Fuel Price Increase And The Question Of Leadership In Nigeria (Part 3) By Anthony Ubani
PAINS AND PALLIATIVES
Respected Pastor and General Overseer of the fastest growing church in the world, Pastor E. A. Adeboye recently made this instructive comment in reference to the fuel price increase: “let me tell you the truth, the problems we are facing now in Nigeria is global not just Nigeria alone…” The reality is that we have serious economic challenges. These challenges are not unique to Nigeria. They are global in nature. The policy responses in Nigeria and in other climes are such that they will cause citizens real pain and discomfort. The question therefore should not be whether to protest or not to protest. Our attention should be focused on constructive choices that will help alleviate the painful effects of the surgical economic operations that are been diligently carried out to save the Nigerian economy and restore it to good health.
The fuel price increase policy scenario is akin to a doctor performing a real life surgery on a patient. The surgery is painful but absolutely necessary to save the life of the patient. So the patient rather than choose to mobilize his family to protest the surgery because of the pain it will potentially cause him, makes a wiser and more informed choice of asking the doctor what palliatives he can apply to mitigate the pain of the necessary surgery. The doctor, in turn, recommends a full anesthesia or an induced coma, both of which have the effect of dulling the pain the patient would have felt in the course of the surgery. The truth is that there is no gain without pain. For Nigeria to come out of the present dire economic situation, it must make tough choices that will cause temporary pains. The current fuel price increase is one of such difficult decisions. The alternative is to bury our head in the sand, pretend that all is well and continue to live recklessly beyond our means until the nation goes burst. We can choose to play to the gallery and adopt populist actions or take the bitter pills today that will ensure that our tomorrow will be better than our today.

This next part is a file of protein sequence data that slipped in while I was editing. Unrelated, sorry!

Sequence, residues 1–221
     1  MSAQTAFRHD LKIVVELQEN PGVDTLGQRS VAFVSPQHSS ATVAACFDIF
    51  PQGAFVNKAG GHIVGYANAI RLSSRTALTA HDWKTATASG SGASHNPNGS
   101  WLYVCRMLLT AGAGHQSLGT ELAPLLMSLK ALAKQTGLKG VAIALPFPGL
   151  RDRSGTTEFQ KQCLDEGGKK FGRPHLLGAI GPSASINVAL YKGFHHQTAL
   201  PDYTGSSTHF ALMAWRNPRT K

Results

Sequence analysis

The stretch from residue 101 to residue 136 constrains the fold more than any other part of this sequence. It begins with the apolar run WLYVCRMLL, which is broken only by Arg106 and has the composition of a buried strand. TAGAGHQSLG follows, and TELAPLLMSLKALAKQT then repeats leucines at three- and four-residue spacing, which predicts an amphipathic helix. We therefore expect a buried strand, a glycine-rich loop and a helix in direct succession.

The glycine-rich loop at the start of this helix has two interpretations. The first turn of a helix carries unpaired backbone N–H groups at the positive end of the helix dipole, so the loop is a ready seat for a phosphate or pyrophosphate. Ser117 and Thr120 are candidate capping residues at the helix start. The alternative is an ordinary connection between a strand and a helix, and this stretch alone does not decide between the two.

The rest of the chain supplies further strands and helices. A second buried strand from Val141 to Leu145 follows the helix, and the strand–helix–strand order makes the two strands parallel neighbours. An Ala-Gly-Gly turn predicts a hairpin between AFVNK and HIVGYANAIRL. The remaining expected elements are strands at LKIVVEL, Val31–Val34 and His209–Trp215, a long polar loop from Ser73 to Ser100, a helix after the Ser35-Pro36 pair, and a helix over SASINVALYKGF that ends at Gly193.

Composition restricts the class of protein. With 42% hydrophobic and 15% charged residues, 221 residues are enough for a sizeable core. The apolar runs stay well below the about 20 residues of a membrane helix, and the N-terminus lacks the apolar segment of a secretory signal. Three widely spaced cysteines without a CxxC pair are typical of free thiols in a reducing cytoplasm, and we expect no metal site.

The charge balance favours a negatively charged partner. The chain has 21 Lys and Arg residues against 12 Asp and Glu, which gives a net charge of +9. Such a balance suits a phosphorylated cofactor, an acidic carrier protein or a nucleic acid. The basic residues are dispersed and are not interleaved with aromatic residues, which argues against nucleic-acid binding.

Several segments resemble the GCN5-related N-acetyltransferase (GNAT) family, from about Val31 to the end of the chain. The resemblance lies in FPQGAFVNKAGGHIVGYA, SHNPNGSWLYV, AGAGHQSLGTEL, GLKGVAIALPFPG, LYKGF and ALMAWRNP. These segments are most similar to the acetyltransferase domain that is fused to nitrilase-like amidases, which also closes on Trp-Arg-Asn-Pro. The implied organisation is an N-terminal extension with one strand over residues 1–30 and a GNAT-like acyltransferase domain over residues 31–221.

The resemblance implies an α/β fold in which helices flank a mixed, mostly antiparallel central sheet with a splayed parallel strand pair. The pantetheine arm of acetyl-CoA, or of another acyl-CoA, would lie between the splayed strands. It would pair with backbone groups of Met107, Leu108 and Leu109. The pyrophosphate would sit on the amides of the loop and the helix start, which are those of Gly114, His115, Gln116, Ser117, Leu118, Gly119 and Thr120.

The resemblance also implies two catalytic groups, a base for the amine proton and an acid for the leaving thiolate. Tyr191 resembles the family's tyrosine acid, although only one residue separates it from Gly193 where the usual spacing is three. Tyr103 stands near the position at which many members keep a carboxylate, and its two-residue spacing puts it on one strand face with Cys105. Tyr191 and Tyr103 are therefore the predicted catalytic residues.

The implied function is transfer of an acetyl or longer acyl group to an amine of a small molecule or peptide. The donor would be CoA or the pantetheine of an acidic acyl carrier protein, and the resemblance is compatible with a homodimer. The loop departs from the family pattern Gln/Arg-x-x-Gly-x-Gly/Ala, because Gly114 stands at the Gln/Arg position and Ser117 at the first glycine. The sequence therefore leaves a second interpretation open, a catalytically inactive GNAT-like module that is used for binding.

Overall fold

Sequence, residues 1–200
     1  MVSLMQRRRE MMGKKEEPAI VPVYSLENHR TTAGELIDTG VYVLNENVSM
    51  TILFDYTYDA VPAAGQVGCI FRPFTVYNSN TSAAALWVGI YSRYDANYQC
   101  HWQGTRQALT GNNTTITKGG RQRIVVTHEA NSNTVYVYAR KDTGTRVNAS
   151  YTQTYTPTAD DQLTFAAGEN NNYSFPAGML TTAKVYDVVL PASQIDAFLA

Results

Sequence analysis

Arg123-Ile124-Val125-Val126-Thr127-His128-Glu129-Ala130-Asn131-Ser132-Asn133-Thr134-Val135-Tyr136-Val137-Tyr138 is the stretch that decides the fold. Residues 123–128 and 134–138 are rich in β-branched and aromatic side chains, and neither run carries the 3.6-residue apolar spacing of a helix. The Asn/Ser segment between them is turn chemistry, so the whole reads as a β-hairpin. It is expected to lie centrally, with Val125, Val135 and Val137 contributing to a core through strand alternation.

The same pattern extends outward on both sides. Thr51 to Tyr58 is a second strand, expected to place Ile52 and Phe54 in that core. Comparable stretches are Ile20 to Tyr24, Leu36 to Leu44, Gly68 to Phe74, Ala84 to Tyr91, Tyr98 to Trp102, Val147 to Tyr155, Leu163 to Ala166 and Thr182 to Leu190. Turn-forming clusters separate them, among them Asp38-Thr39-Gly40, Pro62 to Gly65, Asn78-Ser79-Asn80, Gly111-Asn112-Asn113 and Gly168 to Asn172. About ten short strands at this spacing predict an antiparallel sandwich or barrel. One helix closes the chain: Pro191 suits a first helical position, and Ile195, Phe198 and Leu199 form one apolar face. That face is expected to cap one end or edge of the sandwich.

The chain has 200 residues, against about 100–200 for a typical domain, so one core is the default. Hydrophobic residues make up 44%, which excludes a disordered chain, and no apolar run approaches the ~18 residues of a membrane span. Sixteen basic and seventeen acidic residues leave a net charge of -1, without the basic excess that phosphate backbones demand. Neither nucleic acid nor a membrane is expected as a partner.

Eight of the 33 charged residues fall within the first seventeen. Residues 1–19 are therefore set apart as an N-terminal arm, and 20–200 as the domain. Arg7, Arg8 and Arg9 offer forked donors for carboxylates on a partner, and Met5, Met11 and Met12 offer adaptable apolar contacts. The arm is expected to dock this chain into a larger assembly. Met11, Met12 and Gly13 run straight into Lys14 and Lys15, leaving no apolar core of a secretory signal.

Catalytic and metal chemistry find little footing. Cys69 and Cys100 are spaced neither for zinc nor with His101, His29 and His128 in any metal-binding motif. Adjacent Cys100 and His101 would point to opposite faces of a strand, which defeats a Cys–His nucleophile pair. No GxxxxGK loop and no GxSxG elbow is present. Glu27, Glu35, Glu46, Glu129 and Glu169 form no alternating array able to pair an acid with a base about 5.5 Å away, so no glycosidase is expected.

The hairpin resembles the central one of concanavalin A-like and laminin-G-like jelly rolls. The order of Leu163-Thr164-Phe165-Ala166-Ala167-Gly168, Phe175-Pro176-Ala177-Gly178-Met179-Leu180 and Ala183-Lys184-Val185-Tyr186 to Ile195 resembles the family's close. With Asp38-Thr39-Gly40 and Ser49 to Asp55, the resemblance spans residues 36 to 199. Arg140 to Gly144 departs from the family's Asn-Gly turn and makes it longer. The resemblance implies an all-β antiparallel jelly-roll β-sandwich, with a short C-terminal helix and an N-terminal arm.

In this regard, I am of the humble opinion that the conversations around the fuel price increase should shift from threats of protest to strategic negotiations about the range of palliatives that should be executed. The degree to which they should be executed. The categories of Nigerians that should be targeted. The sectors of the economy that should be prioritized. How long should these palliatives be in effect? What type of management structure should be put in place to ensure transparency, accountability and continuity? These are the kinds of serious questions labour, civil society and Nigerians should be asking. Partly because, again, we cannot forget too quickly, how in the aftermath of the Jonathan administration fuel price increase, promises of palliatives were dangled. Branded buses were quickly displayed for Nigerians to see. Shortly afterward no one saw or heard anything about those buses or palliatives again till date. The funds warehoused in Sure-P was so brazenly embezzled by PDP hawks, so much so that Nigeria’s Mr. Integrity and then Chairman of Sure-P, Dr. Christopher Kolade, had to hurriedly resign his appointment in other to save his reputation and good name. So, Nigerians have good reasons to demand transparency, accountability and continuity in whatever palliative measures that are eventually approved.
Good enough President Buhari has already moved ahead of the conversation by announcing a range of potent palliatives and proposals under consideration. For those who make the point about the pain the fuel price increase will impose on Nigerians, they should, in some measure, be comforted knowing that a princely sum of N500 billion has been appropriated in the 2016 budget to execute government’s palliative program. This then is a good opportunity for them to leave the place of protest, and commence scrutiny of the proposed palliative measures with a view to robustly debating and enriching them.
For the purpose of clarity, the proposed palliative measures include but are not limited to: direct payment of N5000 monthly to one million extremely poor Nigerians for 12 months as provided for in the 2016 budget; direct provision of soft loan – cash for market women, men and traders, including artisans and Agric workers – targeting 1.76million Nigerians for whom conventional collateral will not be required; payment of between N23,000 to N30,000 per month to 500,000 unemployed graduates who would be trained, paid and deployed to work as volunteer teachers, public health officers and extension service workers among other responsibilities – the training will also technology devices; training of 100,000 artisans; at least 5.5 million Nigerian primary school children – starting first in 18 states – three per geopolitical zone – would be fed for 200 school days under the free Homegrown School Feeding Programme; 100,000 tertiary students in Science Technology Engineering & Maths – STEM will partake in a N5.8 billion education grant, etc. These palliative measures are expected to come on stream in a matter of weeks to help alleviate the suffering of Nigerians. In addition, government is open to giving consideration to new palliatives and is already giving serious consideration to increasing the minimum wage in Nigeria to an amount not less than forty thousand naira.